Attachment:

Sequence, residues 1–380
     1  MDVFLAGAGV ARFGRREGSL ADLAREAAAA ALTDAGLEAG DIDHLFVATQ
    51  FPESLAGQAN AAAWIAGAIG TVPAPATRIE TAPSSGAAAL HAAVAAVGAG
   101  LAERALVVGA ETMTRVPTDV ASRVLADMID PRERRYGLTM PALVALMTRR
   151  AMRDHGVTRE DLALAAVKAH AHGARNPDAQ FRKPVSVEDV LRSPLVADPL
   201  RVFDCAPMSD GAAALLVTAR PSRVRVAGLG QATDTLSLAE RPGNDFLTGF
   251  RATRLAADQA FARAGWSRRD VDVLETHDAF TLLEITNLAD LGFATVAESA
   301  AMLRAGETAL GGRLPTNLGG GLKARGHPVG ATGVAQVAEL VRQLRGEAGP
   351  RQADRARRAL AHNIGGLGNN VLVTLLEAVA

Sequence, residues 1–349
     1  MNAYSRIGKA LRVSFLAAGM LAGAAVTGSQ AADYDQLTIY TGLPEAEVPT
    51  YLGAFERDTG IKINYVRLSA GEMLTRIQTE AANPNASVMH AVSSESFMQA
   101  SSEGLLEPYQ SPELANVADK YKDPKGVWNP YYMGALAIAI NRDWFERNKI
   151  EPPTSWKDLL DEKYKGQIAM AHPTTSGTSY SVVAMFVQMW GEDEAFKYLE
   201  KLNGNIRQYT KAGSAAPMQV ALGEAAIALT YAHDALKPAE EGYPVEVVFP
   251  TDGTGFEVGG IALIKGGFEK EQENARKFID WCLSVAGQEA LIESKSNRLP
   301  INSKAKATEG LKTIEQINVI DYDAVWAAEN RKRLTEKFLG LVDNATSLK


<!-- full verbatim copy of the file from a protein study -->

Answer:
Sequence, residues 1–380
     1  MDVFLAGAGV ARFGRREGSL ADLAREAAAA ALTDAGLEAG DIDHLFVATQ
    51  FPESLAGQAN AAAWIAGAIG TVPAPATRIE TAPSSGAAAL HAAVAAVGAG
   101  LAERALVVGA ETMTRVPTDV ASRVLADMID PRERRYGLTM PALVALMTRR
   151  AMRDHGVTRE DLALAAVKAH AHGARNPDAQ FRKPVSVEDV LRSPLVADPL
   201  RVFDCAPMSD GAAALLVTAR PSRVRVAGLG QATDTLSLAE RPGNDFLTGF
   251  RATRLAADQA FARAGWSRRD VDVLETHDAF TLLEITNLAD LGFATVAESA
   301  AMLRAGETAL GGRLPTNLGG GLKARGHPVG ATGVAQVAEL VRQLRGEAGP
   351  RQADRARRAL AHNIGGLGNN VLVTLLEAVA

Sequence, residues 1–349
     1  MNAYSRIGKA LRVSFLAAGM LAGAAVTGSQ AADYDQLTIY TGLPEAEVPT
    51  YLGAFERDTG IKINYVRLSA GEMLTRIQTE AANPNASVMH AVSSESFMQA
   101  SSEGLLEPYQ SPELANVADK YKDPKGVWNP YYMGALAIAI NRDWFERNKI
   151  EPPTSWKDLL DEKYKGQIAM AHPTTSGTSY SVVAMFVQMW GEDEAFKYLE
   201  KLNGNIRQYT KAGSAAPMQV ALGEAAIALT YAHDALKPAE EGYPVEVVFP
   251  TDGTGFEVGG IALIKGGFEK EQENARKFID WCLSVAGQEA LIESKSNRLP
   301  INSKAKATEG LKTIEQINVI DYDAVWAAEN RKRLTEKFLG LVDNATSLK